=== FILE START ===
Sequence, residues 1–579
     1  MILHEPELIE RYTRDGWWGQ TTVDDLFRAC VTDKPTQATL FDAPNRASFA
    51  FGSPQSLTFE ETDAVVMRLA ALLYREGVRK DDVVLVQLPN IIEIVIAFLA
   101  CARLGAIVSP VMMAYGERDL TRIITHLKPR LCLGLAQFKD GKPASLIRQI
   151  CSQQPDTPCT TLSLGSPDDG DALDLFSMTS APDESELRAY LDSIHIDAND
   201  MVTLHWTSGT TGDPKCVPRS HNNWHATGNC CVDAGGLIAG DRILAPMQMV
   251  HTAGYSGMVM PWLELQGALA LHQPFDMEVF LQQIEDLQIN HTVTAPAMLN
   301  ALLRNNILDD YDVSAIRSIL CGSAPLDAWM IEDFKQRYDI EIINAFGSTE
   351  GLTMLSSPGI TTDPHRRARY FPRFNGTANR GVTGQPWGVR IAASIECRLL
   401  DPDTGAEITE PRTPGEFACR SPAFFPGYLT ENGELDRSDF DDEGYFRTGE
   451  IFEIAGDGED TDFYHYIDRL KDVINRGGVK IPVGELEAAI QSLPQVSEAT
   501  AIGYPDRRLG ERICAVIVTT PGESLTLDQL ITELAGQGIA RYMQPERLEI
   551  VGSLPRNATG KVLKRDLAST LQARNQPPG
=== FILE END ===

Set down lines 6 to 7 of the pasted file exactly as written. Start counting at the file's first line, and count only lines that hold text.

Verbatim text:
   201  MVTLHWTSGT TGDPKCVPRS HNNWHATGNC CVDAGGLIAG DRILAPMQMV
   251  HTAGYSGMVM PWLELQGALA LHQPFDMEVF LQQIEDLQIN HTVTAPAMLN